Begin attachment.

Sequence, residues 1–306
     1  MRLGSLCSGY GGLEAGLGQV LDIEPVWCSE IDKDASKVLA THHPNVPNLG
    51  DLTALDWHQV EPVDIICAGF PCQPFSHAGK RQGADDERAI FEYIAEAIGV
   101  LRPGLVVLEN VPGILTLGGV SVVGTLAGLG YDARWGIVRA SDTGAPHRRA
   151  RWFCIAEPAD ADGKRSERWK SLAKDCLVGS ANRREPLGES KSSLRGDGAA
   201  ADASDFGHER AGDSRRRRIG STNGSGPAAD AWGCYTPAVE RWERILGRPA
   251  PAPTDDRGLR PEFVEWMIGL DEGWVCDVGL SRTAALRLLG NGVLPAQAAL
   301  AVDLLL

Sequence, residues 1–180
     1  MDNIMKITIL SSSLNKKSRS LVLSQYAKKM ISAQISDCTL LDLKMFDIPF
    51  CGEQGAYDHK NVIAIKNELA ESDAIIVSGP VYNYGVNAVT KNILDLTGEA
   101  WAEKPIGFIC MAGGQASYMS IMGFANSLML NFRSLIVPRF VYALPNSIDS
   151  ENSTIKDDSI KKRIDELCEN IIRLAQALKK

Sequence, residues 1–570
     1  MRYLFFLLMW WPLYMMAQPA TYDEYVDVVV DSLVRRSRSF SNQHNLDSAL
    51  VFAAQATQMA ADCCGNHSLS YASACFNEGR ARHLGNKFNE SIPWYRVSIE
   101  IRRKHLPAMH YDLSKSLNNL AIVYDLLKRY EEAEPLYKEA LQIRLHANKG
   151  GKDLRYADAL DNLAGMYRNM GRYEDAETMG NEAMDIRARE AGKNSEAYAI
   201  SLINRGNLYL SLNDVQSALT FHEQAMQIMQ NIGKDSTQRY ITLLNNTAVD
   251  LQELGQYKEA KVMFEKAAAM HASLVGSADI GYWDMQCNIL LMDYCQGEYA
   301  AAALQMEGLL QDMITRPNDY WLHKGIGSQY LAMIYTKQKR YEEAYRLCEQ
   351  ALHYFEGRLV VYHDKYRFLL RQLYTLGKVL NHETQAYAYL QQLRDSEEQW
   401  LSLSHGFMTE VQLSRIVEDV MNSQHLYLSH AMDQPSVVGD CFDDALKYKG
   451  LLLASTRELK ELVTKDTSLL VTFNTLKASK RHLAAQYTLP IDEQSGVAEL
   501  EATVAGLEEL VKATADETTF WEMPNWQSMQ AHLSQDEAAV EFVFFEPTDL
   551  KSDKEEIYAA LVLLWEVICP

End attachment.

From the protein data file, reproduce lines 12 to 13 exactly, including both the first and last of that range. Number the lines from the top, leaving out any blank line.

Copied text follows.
   101  WAEKPIGFIC MAGGQASYMS IMGFANSLML NFRSLIVPRF VYALPNSIDS
   151  ENSTIKDDSI KKRIDELCEN IIRLAQALKK